The second major wave of transfers will be coming after spring practices end. However, that doesn’t mean that there aren’t a few players who are getting out ahead of the pack before their spring practices conclude. Several players discussed in last week’s report have found their destinations. Overall, this week has felt like the calm before the inevitable storm. There’s not a ton to report on this week regarding the transfer portal, but we will bring you the best information we can. We’ll go in-depth with the biggest players of the week, then briefly cover other players of interest before finally listing the top players available at each position. 

This week, no major quarterbacks have entered or exited the portal. Thus, we’ll focus on a running back looking to replace some lost production for a team without their star and another top transfer receiver to add to South Carolina’s crazy good portal class.

Note: Transfers for this report occurred between the dates of March 24th and April 5th, 2022

Running Backs

Brandon Campbell: USC → Houston

That sound you heard eerily in the distance was the cry out of every CFB fantasy player as we received word that true sophomore RB out of Houston, Alton McCaskill, had torn his ACL in spring practice. Dana Holgerson historically has not been known to rely on a single back to lead his rushing attack. However, it looked like the young running back from Conroe, TX, would be the prospect that would break that mold. Last year, McCaskill carried the ball 189 times for 961 yards and 16 touchdowns. In addition, McCaskill also showed he was a threat through the air, catching the ball 21 times for 113 yards and two more touchdowns. Now, McCaskill is done for the CFF year, and many were wondering if Houston would dip into the portal, given the options behind McCaskill, like Ta’Zhawn Henry, weren’t inspiring much confidence. Enter: Brandon Campbell.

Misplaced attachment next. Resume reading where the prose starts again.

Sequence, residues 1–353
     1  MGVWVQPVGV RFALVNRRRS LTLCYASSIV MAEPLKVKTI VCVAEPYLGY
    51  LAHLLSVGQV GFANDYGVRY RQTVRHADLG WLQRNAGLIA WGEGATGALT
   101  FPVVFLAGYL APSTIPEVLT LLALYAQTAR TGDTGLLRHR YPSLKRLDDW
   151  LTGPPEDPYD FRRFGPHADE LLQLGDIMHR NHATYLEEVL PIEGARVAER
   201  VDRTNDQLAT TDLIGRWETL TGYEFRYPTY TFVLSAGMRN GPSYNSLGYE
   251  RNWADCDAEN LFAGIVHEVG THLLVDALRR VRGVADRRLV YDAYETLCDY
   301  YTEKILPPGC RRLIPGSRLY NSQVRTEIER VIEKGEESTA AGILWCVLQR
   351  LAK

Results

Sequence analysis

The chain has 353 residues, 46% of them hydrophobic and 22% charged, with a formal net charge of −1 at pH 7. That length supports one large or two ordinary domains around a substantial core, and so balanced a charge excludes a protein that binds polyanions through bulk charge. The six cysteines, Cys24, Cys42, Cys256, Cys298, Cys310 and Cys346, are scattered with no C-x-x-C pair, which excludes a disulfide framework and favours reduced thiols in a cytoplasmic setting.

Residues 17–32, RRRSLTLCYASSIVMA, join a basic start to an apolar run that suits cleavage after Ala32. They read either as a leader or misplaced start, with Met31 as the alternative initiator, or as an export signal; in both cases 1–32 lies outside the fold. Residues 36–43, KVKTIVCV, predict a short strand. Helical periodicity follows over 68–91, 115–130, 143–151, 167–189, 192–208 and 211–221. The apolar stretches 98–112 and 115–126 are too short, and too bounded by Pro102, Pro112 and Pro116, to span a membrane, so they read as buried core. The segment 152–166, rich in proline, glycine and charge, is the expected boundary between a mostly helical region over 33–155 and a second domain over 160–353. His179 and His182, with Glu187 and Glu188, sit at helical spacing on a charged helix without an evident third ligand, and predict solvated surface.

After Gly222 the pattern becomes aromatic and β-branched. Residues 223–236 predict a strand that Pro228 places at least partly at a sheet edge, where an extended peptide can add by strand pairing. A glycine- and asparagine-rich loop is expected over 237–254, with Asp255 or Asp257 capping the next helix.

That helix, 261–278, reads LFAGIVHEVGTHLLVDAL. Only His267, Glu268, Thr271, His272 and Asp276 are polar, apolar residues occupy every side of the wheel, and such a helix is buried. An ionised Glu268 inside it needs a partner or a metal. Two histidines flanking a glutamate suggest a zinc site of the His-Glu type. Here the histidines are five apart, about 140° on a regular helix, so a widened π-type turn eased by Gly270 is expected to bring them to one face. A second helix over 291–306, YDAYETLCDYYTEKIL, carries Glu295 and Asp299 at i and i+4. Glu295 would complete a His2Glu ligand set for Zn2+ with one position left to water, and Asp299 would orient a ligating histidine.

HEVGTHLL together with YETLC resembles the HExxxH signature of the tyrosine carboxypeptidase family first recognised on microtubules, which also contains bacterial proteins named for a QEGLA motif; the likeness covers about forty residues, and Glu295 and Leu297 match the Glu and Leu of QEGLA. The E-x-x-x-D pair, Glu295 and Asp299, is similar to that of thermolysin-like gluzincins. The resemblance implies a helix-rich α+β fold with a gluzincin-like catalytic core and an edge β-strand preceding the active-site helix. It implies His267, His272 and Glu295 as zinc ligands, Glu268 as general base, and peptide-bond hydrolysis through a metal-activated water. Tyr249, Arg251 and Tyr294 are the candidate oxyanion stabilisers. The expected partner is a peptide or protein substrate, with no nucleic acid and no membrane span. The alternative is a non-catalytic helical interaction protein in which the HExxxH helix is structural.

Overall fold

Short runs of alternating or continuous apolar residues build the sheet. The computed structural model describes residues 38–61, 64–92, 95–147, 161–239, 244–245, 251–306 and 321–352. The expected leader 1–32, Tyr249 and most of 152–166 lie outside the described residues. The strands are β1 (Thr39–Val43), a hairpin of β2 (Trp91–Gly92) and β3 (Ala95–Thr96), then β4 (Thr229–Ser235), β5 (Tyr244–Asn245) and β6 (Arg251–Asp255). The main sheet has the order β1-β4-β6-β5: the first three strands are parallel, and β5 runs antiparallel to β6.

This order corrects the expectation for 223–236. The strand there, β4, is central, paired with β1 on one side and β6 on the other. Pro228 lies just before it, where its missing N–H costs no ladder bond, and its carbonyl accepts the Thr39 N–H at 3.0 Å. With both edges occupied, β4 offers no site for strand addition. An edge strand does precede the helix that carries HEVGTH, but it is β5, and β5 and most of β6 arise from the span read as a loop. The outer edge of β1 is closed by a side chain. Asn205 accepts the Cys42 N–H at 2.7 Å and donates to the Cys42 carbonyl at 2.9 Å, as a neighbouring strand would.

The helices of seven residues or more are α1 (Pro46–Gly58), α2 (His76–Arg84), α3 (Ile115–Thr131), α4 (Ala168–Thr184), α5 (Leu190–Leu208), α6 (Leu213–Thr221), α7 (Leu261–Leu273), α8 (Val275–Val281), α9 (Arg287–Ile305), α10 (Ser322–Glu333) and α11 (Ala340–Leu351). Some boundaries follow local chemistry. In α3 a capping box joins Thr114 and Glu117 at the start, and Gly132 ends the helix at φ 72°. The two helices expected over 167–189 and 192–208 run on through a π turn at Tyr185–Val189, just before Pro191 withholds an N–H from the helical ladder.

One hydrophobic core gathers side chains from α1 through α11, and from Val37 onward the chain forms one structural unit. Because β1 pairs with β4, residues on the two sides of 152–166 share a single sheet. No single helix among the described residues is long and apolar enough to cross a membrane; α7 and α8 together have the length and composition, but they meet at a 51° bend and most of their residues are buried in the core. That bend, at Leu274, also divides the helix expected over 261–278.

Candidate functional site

Campbell was the #22 ranked running back in the 2021 class and was committed to the USC Trojans. In his one year with the Trojans, Campbell didn’t do a lot, carrying the ball 12 times for 53 yards, with a single catch for 16 yards. However, with Keaontay Ingram declaring for the draft, it looked as though Campbell was set for a bigger workload in his second year. However, Coach Clay Helton was fired, and Lincoln Riley was brought in. Riley proceeded to bring in two major transfer RBs, Travis Dye and Austin Jones. Campbell realized that since he wasn’t one of Riley’s recruits, his opportunities looked less sure than they had, so he decided to jump ship. Last week, I had mentioned several different landing spots that Campbell could have entertained. Since then, it was rumored Campbell wanted to take the route to bring him closer to home. McCaskill’s injury sped up that process, as, without him, the Cougars looked to be the best opportunity for early playing time. 

Then, the question on everyone’s mind is, how does this affect your CFB fantasy leagues this fall? While everything is still early, there’s certainly reason to be excited. Campbell walks into that room as the most talented RB with an even higher recruiting pedigree than McCaskill had. Clearly, given the timeline of everything that transpired, the Houston Coaching staff saw they had a need. Then immediately filled it with Campbell, indicating they see him as a solution to their current problem. The question then becomes, how much of McCaskill’s production can we expect Campbell to replicate. In reality, that’s going to be down to Campbell. As mentioned before, Holgerson has historically not relied on a true workhorse RB, but as we saw last year, if someone separates themselves from the pack, he’s willing to get them the touches they deserve. Campbell, as of now, doesn’t seem to have the build for a workhorse role (he’s 5’10” and 190lbs). With some added weight in the off-season, that could change. I believe the upside is there for Campbell, and he is worth drafting in your CFB fantasy leagues this off-season. Before his injury, McCaskill was going as the RB13 in CFF redraft leagues. I do not recommend anyone draft Campbell that highly. There is a possibility of an RB committee approach. When it gets to those later rounds, you may be struggling to find value at RB. I would take a shot at Campbell’s upside in this Cougar offense.